Evolving patient rights in the research and delivery of health care

Just a few years ago, even though “patient engagement” was the watchword of health care reform and patient access to records (as promoted by organizations like OpenNotes) was considered a nice thing for providers to do, I sensed that people talking about real patient empowerment were out on the fringe of health care and research. As the idea reached the proscenium this month at the Health Datapalooza, a conference founded by the US Department of Health and Human Services and now attracting more than 2,000 people, patient empowerment marks its entry into the mainstream.

Greg Biggers, whom I interviewed 3 years ago, was one of the early pioneers of citizen science in clinical research. Regina Holliday and E-patient Dave DeBronkart expressed concerns for more patient involvement in care and cost containment. All were respected, but I think they were rarely heeded.

Real patient empowerment doesn’t mean downloading one’s lab results from a web portal put up by one’s doctor or getting a second opinion. Rather, it means collecting observations of daily living, getting them into the doctor’s record, and discussing them with the doctor in conjunction with conventional diagnostic tools. More broadly, it’s choosing one’s lifestyle with thoughtful, understanding input from professional clinical staff. And it means choosing the goals and procedures used to conduct trials. Pharma companies have been experimenting with patient engagement for such trials, and it has become a national initiative with PCORI’s PCORnet project, which is trying to create a kind of super-network of groups representing patients for research.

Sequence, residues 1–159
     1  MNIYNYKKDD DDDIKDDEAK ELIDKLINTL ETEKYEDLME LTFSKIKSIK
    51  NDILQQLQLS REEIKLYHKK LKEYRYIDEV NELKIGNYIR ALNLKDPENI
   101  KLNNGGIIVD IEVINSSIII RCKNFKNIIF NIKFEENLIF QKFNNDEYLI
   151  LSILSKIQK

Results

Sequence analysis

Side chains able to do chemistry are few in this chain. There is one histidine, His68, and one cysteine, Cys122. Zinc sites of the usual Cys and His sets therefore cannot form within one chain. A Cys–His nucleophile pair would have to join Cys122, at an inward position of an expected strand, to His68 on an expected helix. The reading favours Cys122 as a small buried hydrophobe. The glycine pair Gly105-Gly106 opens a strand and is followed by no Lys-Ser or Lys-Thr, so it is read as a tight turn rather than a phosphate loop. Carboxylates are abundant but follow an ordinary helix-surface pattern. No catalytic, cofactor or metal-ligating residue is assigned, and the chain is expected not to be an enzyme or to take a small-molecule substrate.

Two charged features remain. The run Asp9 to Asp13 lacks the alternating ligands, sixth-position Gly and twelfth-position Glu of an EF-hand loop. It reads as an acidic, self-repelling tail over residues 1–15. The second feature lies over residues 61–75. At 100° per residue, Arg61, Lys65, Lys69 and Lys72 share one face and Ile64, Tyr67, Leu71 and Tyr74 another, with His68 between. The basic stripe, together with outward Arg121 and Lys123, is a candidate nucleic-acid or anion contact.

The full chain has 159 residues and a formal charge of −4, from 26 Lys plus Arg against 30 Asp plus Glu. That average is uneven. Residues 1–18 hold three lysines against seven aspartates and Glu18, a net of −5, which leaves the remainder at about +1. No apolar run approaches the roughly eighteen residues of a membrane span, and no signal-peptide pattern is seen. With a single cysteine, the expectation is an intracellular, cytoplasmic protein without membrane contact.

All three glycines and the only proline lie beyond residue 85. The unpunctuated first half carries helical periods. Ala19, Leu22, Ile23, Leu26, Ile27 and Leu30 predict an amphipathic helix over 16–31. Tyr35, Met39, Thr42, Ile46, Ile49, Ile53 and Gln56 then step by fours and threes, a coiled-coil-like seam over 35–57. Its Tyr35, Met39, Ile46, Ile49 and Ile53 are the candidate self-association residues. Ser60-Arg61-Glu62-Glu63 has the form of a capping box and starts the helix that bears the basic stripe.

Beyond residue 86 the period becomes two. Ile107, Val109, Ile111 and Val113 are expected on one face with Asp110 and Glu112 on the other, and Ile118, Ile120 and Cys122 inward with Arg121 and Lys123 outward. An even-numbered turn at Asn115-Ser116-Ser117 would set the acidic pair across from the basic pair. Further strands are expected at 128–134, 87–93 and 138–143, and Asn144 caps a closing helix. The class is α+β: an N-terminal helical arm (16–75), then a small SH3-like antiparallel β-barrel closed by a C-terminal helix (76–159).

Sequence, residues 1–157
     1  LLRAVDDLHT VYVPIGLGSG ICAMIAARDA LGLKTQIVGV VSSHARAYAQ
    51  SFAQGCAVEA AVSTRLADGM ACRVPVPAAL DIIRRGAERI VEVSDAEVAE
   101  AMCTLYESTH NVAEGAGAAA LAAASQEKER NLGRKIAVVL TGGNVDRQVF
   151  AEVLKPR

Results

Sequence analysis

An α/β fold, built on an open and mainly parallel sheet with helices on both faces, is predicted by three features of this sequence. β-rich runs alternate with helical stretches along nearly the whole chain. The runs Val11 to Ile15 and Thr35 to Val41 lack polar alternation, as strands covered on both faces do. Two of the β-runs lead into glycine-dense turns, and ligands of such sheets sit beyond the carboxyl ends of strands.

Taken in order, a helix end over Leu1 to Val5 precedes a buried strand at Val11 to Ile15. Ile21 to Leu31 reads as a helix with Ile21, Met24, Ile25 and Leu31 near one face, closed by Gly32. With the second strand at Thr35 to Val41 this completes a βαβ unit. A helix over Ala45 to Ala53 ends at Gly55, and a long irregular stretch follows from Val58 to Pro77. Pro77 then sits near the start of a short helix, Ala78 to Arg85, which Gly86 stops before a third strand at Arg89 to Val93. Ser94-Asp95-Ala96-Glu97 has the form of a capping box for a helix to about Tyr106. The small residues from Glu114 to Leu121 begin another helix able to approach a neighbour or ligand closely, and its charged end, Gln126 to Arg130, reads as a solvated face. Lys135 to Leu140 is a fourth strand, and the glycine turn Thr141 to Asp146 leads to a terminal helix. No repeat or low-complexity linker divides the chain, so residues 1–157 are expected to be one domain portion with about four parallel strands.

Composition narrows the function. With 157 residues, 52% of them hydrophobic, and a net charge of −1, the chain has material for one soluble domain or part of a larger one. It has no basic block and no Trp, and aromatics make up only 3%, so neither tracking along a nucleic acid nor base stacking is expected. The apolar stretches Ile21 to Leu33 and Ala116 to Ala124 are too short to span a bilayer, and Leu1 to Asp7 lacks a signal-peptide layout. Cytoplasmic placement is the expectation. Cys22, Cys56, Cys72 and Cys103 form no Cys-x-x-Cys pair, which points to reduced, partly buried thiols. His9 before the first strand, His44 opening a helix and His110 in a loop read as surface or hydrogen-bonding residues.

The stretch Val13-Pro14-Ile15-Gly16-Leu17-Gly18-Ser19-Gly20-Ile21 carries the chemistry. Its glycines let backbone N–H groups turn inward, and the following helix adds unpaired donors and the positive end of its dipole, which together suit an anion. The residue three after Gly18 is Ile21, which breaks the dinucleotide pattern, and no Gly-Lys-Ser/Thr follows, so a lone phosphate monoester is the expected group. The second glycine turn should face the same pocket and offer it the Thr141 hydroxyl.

At the Datapalooza, patient empowerment took the stage along with keynoter Adriana Lukas, founder of London Quantified Self. She criticized current consumer devices and health apps for collecting our data and selling it to companies that use it for marketing or streamlining operations. Although such activities can turn up new treatments and improve care, she found it unethical to turn us into “data cows” whose main role is to “replenish the data milk bucket.”

Even more disturbing is the potential of data analysis for introducing errors and bias into the ways institutions handle us, a theme found in many places nowadays, such as the long-awaited report from the White House on big data and the the federal PCAST report on big data privacy. Lukas called for a discipline examining “algorithmic ethics” so we can articulate values and determine the consequences of applying data analysis.

But most challenging of all, I believe, in Lukas’s keynote was her suggestion that each patient apply all data to himself or herself, sharing “aggregate meanings” instead of raw data. This would rip away the lifeblood of the analytics firms–for both beneficial and manipulative purposes–but allow patients to connect purposefully with each other. We could learn things such as that adequate hydration helps one patient control his anxiety, a finding that might help others.